Of course, whiskey and beer remains the favorite alcoholic drink of the British. However, wine is becoming more popular. And if in the sixties and seventies engaged in winemaking in the British Isles, just a few people (and then, as a hobby), now winemakers–professionals who earn their living (albeit not too much) here is becoming more and more. After all, there are traditions – they’ve just been forgotten. Near Dorking, archaeologists discovered the remains of an ancient Roman press, which made wine in the first century ad. Conquerors–Normans also appreciated strong drinks from grapes grown in the hills of southern England.

But that was a long time ago. And in the fifties of the twentieth century, a retired officer sir Salisbury–Jones, who decided at his leisure to do winemaking, had to start everything literally from scratch. There were no vines in England when sir Salisbury Jones decided to break up a vineyard on his estate near Portsmouth. He brought the vine from France, where he fought and served for several years after the end of world war II.

Dorking farmers, of course, could not afford such expensive Hobbies. They began to be engaged in winemaking from purely practical reasons. Family Dennis, for example, until the mid-eighties specialized in growing pigs. But it was bad, and then a familiar geologist, analyzing the composition of the soil on the site Denbis, said that it is slightly different from the composition of the soil, for example, in the French province of champagne – the birthplace of the famous sparkling wines. Of course, only one rich in limestone land for vineyards is not enough. Sunny days in southern England less than in France, here a few colder and the climate, although mild, but changeable. So I had to look for special grape varieties – more stable than the French. As a result, we stopped at the German varieties: “Mueller–turgau”, “Reichensteiner” and others.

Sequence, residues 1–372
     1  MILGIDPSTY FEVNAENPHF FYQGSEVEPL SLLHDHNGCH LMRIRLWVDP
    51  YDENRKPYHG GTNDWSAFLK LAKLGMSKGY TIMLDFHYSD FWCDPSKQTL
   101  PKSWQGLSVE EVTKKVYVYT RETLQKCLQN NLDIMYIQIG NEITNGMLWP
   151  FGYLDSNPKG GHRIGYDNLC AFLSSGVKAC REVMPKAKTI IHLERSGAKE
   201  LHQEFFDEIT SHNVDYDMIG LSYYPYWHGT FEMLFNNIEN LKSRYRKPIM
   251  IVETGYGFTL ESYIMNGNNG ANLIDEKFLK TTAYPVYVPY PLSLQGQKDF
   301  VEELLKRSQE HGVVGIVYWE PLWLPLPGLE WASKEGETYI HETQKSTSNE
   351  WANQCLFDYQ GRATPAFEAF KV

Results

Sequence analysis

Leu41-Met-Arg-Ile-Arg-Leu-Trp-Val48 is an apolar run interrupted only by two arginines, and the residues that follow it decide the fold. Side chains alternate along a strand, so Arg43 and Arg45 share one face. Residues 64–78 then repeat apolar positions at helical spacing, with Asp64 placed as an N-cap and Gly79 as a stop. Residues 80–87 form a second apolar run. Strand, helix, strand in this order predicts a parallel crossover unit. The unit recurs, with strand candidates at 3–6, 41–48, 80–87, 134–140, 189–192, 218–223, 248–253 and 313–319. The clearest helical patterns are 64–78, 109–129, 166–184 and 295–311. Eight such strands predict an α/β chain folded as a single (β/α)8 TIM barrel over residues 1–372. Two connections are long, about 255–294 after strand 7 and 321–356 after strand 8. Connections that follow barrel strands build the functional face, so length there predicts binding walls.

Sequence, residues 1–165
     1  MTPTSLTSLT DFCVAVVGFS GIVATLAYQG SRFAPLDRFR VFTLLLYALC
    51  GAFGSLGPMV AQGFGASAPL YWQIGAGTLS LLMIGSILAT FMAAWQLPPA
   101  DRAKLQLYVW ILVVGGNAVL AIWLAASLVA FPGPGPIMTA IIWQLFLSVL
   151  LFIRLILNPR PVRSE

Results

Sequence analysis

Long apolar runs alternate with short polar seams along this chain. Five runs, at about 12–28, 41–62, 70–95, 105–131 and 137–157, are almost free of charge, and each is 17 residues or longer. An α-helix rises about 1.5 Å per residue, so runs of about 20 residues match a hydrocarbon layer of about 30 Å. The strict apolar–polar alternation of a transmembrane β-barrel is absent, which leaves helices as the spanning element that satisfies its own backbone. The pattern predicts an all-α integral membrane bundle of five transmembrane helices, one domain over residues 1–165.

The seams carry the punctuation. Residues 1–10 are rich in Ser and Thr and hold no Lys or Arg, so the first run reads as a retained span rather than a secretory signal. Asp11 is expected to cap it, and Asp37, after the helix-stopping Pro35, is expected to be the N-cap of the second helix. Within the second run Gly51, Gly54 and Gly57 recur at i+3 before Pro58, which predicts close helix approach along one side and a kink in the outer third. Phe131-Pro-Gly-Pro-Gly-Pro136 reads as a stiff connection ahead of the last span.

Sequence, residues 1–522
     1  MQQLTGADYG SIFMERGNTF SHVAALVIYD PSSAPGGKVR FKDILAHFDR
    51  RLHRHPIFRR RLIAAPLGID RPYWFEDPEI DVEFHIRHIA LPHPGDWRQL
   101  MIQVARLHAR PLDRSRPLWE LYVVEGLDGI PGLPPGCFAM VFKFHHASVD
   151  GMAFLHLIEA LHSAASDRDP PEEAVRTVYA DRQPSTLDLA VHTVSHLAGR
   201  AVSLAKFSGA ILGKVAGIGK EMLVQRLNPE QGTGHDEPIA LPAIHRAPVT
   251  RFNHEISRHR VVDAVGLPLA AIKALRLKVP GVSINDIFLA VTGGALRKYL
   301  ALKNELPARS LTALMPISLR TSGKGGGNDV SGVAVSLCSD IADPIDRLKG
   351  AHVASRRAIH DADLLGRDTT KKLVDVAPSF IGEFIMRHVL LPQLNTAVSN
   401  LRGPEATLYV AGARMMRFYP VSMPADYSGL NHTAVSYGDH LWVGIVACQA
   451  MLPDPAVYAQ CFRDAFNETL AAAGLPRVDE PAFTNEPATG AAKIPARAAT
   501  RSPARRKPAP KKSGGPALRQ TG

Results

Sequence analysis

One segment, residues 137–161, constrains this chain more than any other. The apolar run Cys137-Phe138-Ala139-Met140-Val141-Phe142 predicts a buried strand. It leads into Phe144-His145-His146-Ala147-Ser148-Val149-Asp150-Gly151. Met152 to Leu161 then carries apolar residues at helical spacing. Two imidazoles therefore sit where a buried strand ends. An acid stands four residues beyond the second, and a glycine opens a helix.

A significant portion of its products Denboy sell on the spot. Special tours are organized for tourists who are lucky to the top of the hill SUV with an open body. Tasting takes place in the cellars. The winery has a small restaurant with great views. In General, it is clear why only a few tourists leave here empty-handed. The benefit of wine prices are relatively low – from six to ten pounds.

Today in England – about four hundred wineries. As a rule, these are family farms. Only a few of them own vineyards with an area of more than ten hectares. The majority is limited to three hectares. English wines are sold almost exclusively in the British Isles. However, now some of them have already started to enter the world market. Unexpected for many success began to enjoy, for example, “Sparkling Wine” – sparkling wines. Perhaps a role was played in the Royal court: today for official receptions, which take place at Buckingham Palace usually serves English sparkling wine not French champagne. As for the popularity among ordinary consumers, then, of course, there is the fact that English wines are much cheaper than French champagne. One of the reasons: the land in Sussex and Kent are much less than in champagne, that is, less rent and, ultimately, the cost of production. Well, to taste the English sparkling wines are only slightly inferior to the “real” champagne. At least that’s what the English think.